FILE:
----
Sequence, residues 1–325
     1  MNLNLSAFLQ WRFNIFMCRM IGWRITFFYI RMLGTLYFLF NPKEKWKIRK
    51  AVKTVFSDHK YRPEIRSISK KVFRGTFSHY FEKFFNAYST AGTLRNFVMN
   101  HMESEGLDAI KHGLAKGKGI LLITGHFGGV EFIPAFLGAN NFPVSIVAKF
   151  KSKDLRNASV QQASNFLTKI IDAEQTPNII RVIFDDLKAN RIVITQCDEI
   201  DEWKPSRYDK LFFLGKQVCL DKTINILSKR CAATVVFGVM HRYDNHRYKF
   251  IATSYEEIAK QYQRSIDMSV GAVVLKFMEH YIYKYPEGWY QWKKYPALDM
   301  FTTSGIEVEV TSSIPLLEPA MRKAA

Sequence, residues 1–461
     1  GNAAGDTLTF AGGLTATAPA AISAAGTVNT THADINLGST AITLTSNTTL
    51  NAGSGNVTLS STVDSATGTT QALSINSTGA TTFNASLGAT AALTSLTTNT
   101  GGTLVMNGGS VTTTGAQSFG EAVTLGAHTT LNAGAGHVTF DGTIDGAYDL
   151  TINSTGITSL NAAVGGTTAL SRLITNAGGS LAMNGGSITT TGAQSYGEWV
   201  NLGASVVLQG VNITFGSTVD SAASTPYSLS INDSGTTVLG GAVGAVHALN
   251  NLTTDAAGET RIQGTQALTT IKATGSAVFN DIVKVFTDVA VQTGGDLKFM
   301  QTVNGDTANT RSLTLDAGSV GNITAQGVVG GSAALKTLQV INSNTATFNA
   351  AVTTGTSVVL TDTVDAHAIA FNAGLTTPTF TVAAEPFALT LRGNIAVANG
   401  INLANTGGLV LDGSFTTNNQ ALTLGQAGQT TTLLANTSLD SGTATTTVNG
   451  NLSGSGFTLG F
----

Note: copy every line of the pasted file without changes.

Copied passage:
Sequence, residues 1–325
     1  MNLNLSAFLQ WRFNIFMCRM IGWRITFFYI RMLGTLYFLF NPKEKWKIRK
    51  AVKTVFSDHK YRPEIRSISK KVFRGTFSHY FEKFFNAYST AGTLRNFVMN
   101  HMESEGLDAI KHGLAKGKGI LLITGHFGGV EFIPAFLGAN NFPVSIVAKF
   151  KSKDLRNASV QQASNFLTKI IDAEQTPNII RVIFDDLKAN RIVITQCDEI
   201  DEWKPSRYDK LFFLGKQVCL DKTINILSKR CAATVVFGVM HRYDNHRYKF
   251  IATSYEEIAK QYQRSIDMSV GAVVLKFMEH YIYKYPEGWY QWKKYPALDM
   301  FTTSGIEVEV TSSIPLLEPA MRKAA

Sequence, residues 1–461
     1  GNAAGDTLTF AGGLTATAPA AISAAGTVNT THADINLGST AITLTSNTTL
    51  NAGSGNVTLS STVDSATGTT QALSINSTGA TTFNASLGAT AALTSLTTNT
   101  GGTLVMNGGS VTTTGAQSFG EAVTLGAHTT LNAGAGHVTF DGTIDGAYDL
   151  TINSTGITSL NAAVGGTTAL SRLITNAGGS LAMNGGSITT TGAQSYGEWV
   201  NLGASVVLQG VNITFGSTVD SAASTPYSLS INDSGTTVLG GAVGAVHALN
   251  NLTTDAAGET RIQGTQALTT IKATGSAVFN DIVKVFTDVA VQTGGDLKFM
   301  QTVNGDTANT RSLTLDAGSV GNITAQGVVG GSAALKTLQV INSNTATFNA
   351  AVTTGTSVVL TDTVDAHAIA FNAGLTTPTF TVAAEPFALT LRGNIAVANG
   401  INLANTGGLV LDGSFTTNNQ ALTLGQAGQT TTLLANTSLD SGTATTTVNG
   451  NLSGSGFTLG F